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Malaysian Raptors and Maltese Grebes

Annual Malaysian Raptor Watch

The Malaysian Nature Society (BirdLife in Malaysia) is holding its annual Raptor Watch event this weekend to promote conservation of birds of prey and their habitats. Held on every first weekend of March near one of Malaysia’s last remaining patches of coastal forest, Raptor Watch is the country's only nature-related public event conducted on a large scale. The event will take place from 4-5 March in Tanjung Tuan Important Bird Area (IBA). During the spring migration thousands of raptors can be seen flying across the Straits of Melaka, giving exceptional views as they pass low over the site.

Despite being an IBA, Tanjung Tuan faces very real threats from development. The sea front of Tanjung Tuan is expensive real estate, and as Tanjung Tuan is an extension of the Port Dickson holiday coasts, its value for tourism is high. For many years local authorities have been drawing up plans to develop the area, with the Malaysian Nature Society in turn working hard to keep Tanjung Tuan intact.Tanjung Tuan is of prime importance for its migratory raptors, forming a vital stopover site after the birds have crossed the Straits of Melaka. For raptors arriving late in the evening, it provides shelter for the night before they take off the next day. Without Tanjung Tuan, many raptors would perhaps never make it back, due to exhaustion and lack of food. However, the area is also important for its surrounding marine life and its forest growth. Tanjung Tuan act as a gene bank for tropical timber trees and its waters are rich with coral and sea-grass, both important for the turtles that nest in the area's secluded beaches.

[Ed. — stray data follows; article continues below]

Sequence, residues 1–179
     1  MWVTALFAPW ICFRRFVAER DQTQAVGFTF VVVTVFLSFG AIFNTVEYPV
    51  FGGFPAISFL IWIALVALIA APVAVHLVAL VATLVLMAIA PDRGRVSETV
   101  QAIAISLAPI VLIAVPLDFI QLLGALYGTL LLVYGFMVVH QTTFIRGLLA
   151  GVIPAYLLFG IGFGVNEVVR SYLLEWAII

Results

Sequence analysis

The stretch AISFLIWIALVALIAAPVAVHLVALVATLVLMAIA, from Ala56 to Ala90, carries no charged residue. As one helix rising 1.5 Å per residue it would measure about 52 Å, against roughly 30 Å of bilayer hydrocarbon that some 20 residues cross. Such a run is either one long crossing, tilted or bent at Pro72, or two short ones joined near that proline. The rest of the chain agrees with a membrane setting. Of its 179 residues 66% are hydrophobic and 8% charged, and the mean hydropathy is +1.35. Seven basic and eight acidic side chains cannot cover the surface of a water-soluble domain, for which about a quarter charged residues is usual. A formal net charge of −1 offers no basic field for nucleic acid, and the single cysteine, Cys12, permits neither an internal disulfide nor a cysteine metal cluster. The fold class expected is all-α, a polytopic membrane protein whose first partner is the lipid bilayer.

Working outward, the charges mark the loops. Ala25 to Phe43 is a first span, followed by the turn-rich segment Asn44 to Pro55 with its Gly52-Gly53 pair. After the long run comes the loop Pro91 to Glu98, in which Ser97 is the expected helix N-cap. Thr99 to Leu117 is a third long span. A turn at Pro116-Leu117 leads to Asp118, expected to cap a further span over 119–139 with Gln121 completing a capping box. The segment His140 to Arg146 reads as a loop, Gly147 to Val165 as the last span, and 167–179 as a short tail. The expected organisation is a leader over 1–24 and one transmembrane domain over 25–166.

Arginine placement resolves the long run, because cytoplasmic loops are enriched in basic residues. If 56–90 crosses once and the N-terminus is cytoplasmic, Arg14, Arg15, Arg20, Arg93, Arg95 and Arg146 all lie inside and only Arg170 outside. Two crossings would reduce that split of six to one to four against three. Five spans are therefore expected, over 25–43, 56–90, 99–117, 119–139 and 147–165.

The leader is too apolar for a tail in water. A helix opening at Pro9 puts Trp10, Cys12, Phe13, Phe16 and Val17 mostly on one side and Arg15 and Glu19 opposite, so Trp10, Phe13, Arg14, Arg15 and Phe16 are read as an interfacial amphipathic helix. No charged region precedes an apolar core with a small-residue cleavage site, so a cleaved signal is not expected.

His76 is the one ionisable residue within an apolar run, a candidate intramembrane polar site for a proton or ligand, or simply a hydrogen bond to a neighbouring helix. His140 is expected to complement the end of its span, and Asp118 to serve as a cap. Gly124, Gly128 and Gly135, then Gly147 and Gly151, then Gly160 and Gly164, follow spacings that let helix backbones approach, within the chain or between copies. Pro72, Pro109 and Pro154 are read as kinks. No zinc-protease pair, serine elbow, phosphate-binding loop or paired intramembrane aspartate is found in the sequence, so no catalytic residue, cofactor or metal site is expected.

For more information visit www.raptorwatch.orgNew breeding species for Malta

BirdLife Malta has confirmed the first breeding record of Little Grebe Tachybaptus ruficollis in the Maltese Islands. The nest was discovered on 10 Febraury at Simar Nature Reserve by BirdLife Malta council member Raymond Galea. The news was not entirely unexpected, as a pair of Little Grebes had been observed displaying courtship behaviour and carrying nest material at the site for a number of weeks. The nest itself is situated in the reserve's dense reedbed, making it difficult to observe. However, three chicks were seen climbing onto the nest soon after its discovery.Little Grebe is an annual winter visitor to the Maltese Islands and frequents both nature reserves managed by BirdLife Malta - Ghadira and Simar. It is a secretive and shy bird and rarely ventures out on open water. This breeding record is another success for BirdLife Malta, who started works on Simar in 1992. The site was abandoned and used as a rubbish tip and sewage outflow, and initially there was opposition to the project by locals. However, the new breeding species is further evidence that degraded land can be rehabilitated back to a rich natural state. Since BirdLife Malta started managing the site, Little Bittern, Reed Warbler and Moorhen have also bred in the area, and at Ghadira, Little Ringed Plover has also established itself as a regular breeding bird.

4th July 2014